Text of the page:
Monday, February 9, 2015

Slow down to avoid disaster

Decades from now the few who have the aptitude to read and the motivation to study history will be incredulous that people used to drive individual  un-linked vehicles.

"How could that possibly be true?" they will muse. 

By then light rail will handle most transportation and "automobiles" will no longer be autonomous. They will be sensibly guided by computers that will also record locations, trips, driving habits, and other personal information.

Meanwhile, drivers have lost any knowledge they ever had about the Newtonian physics that govern how wheeled vehicles operate on snow, ice, and other low-friction surfaces.  Think back to high school:  an object in motion tends to stay in motion, an object at rest remains at rest; all of that stuff that your insane physics teacher directed at you without any context.

Sir Isaac Newton, a pretty unpleasant and strange character, and also a genius, created experimentally verifiable theories of gravity, motion, optics and even invented calculus. So independently did Gottfried Wilhelm Leibniz.  Somehow mathematicians chose Leibniz's confusing notation.

Among Newton's accomplishments were his "laws" of mechanics, such as Force equals mass times acceleration; mass times velocity equals momentum, and the idea that potential energy was converted into kinetic energy at the rate of one-half of the product of mass and the square of velocity.

Newton also linked the dropping of apples (as the story goes) with why the moon orbits Earth, and correctly described the inverse square law of gravitational attraction and calculated the gravitational constant of Earth at 32 feet per second per second. 

These relatively simple laws were sufficient  to solve artillery firing solutions and guide Apollo to the moon and back. Albert Einstein's equally revolutionary theories of relativity supplanted Newton's laws, but many engineers and scientists continue to use Newton's far simpler formulae. Einsteins ideas take over at very high speeds and enormous masses.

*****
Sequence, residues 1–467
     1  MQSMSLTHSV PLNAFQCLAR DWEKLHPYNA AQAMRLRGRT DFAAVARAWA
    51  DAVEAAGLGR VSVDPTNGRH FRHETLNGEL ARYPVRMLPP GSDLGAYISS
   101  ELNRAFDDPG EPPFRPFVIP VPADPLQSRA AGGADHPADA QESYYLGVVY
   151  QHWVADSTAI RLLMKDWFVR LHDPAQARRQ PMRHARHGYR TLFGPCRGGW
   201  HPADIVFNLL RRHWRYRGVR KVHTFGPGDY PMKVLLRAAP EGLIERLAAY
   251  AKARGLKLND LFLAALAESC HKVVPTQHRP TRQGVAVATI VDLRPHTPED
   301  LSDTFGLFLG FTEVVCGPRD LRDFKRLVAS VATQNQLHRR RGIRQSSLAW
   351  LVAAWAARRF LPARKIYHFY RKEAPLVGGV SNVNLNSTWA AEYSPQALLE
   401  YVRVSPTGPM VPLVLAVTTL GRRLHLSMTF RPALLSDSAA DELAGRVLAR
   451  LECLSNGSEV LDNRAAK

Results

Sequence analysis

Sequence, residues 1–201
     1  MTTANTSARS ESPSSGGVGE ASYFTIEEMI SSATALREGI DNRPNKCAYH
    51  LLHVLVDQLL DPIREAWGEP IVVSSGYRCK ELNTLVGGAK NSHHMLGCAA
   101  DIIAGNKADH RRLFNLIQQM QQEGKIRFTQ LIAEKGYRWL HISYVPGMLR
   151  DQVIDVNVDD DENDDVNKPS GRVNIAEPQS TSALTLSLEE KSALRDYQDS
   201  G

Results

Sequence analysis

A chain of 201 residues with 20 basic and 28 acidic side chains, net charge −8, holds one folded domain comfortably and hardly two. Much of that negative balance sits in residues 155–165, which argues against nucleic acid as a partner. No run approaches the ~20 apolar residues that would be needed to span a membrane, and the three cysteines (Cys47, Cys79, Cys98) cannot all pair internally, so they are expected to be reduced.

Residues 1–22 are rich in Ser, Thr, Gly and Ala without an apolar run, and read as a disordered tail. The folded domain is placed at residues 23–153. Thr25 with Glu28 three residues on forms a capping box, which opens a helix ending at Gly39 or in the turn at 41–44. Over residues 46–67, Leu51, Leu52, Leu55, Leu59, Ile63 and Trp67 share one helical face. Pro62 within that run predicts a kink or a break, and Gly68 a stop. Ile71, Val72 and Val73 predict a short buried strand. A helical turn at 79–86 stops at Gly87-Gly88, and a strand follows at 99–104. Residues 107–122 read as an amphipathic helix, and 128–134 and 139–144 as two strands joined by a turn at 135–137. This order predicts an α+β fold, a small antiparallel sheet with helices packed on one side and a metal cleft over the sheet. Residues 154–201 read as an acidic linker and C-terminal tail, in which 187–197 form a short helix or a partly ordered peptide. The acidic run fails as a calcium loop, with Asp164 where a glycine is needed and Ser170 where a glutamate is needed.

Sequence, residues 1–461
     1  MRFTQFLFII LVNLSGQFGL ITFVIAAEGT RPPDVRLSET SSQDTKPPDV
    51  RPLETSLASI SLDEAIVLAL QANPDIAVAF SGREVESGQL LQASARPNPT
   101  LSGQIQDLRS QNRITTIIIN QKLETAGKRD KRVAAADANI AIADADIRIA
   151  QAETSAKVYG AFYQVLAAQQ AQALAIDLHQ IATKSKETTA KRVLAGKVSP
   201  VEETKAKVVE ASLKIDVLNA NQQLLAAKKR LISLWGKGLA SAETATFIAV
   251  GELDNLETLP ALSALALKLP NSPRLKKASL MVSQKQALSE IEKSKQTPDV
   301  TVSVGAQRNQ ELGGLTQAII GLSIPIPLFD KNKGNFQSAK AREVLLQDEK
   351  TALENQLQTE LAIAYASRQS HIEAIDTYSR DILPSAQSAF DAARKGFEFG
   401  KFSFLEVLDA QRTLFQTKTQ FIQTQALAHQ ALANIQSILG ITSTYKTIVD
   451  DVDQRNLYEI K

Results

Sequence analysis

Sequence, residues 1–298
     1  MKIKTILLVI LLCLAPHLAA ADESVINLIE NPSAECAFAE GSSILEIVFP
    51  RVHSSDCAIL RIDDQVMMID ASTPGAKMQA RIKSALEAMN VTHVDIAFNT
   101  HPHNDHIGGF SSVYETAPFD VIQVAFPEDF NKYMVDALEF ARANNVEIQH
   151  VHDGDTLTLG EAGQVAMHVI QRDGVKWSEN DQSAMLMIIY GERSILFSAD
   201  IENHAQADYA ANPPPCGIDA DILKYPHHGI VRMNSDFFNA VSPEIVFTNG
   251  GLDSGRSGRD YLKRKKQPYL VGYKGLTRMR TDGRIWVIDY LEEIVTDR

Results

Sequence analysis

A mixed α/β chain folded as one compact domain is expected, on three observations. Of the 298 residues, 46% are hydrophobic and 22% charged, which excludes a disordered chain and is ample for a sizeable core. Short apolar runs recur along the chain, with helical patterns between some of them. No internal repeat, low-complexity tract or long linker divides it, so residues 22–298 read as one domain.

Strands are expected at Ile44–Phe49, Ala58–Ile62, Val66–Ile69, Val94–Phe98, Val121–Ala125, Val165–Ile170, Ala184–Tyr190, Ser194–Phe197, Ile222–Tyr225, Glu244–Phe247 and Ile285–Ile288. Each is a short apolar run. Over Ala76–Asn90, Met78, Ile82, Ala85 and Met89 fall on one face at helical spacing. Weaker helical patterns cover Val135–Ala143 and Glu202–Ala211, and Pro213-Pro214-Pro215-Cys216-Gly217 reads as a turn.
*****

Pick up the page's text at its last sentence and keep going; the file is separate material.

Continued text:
Fortunately, cars cannot travel at even one millionth of a percent of the speed of light, because drivers apparently do not understand or appreciate that their vehicles must conform to the laws of physics. No, driving a 2-ton sports utility vehicle does not protect the driver from losing control on ice or allow him to stop any faster than a conventional car. 

The brakes of four-wheel drive vehicles are no more resistant to "slipperiness" than a two-wheel drive car. Moreover, even if they could, a vehicle that weighs double takes correspondingly higher forces to start and stop. 

Yet light trucks glide past you insouciantly on the interstate, spraying your windshield with sand, salt and slush. The sand is spread to increase friction between tires and road surface.

There are two types of friction: static (for example) would be pushing a heavy box down the driveway, and dynamic, the friction that rotating wheels experience. 

The odd properties of water further complicate winter driving. The melting point of frozen water drops under pressure. A car's mass, or weight, melts the surface of an ice patch, reducing the frictional coefficient of the ice.

Which is to state the obvious. Driving  safely on ice or snow simply requires a slower speed. That's all, basically. Simple. 

Problems can arise if the car's brakes lock, changing dynamic friction into static, and causing a skid. To avoid a skid, drive slowly and slow down before trying to stop. 

Ultimately, to avoid accidents, collisions, injury and so on, just drive slowly